• Intentionally or knowingly damages or destroys tangible property belonging to another owner.
  • Intentionally or knowingly tampers with tangible property of another owner, causing loss or inconvenience.
  • Intentionally or knowingly makes markings, inscriptions, slogans, drawings, or paintings on a property.

Potential Punishments for Vandalism in Texas

With one exception, Texas establishes a $2,500 threshold to distinguish between a misdemeanor and felony criminal mischief. Losses of less than $2,500 will be charged as a Class A, B, or C misdemeanor, but they can still result in up to a year in jail and fines of up to $4,000, in addition to any restitution ordered. If the loss surpasses $2,500, the perpetrator may be charged with felony criminal mischief, which carries a two-year prison sentence and a $10,000 fine. The only exception to the $2500 value criterion is because Texas law defines a separate felony category for damage to livestock fences, regardless of the cash worth of the fence.

Common Defenses to Vandalism Charges in Texas

No two situations that involve criminal mischief are alike. Consider, for example, a few recent Texas vandalism cases:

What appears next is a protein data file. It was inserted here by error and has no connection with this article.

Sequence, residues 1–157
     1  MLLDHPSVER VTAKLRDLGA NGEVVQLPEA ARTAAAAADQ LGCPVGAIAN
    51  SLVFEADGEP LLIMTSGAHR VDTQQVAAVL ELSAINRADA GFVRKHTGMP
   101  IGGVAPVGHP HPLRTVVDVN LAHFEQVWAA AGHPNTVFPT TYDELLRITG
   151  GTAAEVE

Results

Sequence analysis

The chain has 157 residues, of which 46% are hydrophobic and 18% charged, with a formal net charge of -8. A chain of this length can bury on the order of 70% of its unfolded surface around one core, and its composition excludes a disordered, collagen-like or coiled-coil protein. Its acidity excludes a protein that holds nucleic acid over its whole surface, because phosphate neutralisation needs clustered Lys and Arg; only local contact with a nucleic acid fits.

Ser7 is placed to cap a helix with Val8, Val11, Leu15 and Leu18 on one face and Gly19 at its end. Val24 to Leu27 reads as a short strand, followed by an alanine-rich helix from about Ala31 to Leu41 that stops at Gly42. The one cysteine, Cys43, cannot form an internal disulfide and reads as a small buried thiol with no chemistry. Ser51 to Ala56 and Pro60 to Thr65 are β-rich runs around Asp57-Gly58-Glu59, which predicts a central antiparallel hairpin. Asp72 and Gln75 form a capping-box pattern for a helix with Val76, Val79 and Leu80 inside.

• In June 2018, police charged a Grand Prairie man with criminal mischief for shooting out the windows and doors of a number of businesses;
  • In July 2018, a suspect broke into a high school in North Mesquite and broke vending machines and other property;
  • A burglar caused more than $10,000 in losses to a downtown McKinney restaurant in November 2018, breaking out windows and damaging chairs;
  • Three persons were indicted for vandalism in San Antonio in June 2018 after spray-painting slogans in opposition to First Lady, Melania Trump, on the San Antonio Mission National Historical Park Visitor’s Center.

The culprits in some of these incidents were captured on videotape while conducting the acts. It will be more difficult for a prosecutor to prove a defendant’s guilt beyond a reasonable doubt if there is no video or other direct evidence linking a defendant to specific property damage. As a result, one of the most prevalent defenses allowed under Texas vandalism laws is insufficient proof. Other possible defenses include:

  • Consent of the owner of the damaged property;
  • The damaged property was owned by the defendant, which raises the sometimes-difficult challenge of proving who owned the property;
  • Accidental damage, or damage without intent;
  • False or incorrect identification of the perpetrator from witnesses.

In every criminal mischief case, the defense attorney’s job will be to push the prosecutor to show the defendant’s guilt beyond a reasonable doubt. In order to persuade jurors that a person is guilty, busy prosecutors frequently make assumptions and take shortcuts. A qualified vandalism defense lawyer will notice every flaw in the prosecutor’s case and take every legal effort to lessen or eliminate the possibility of a conviction.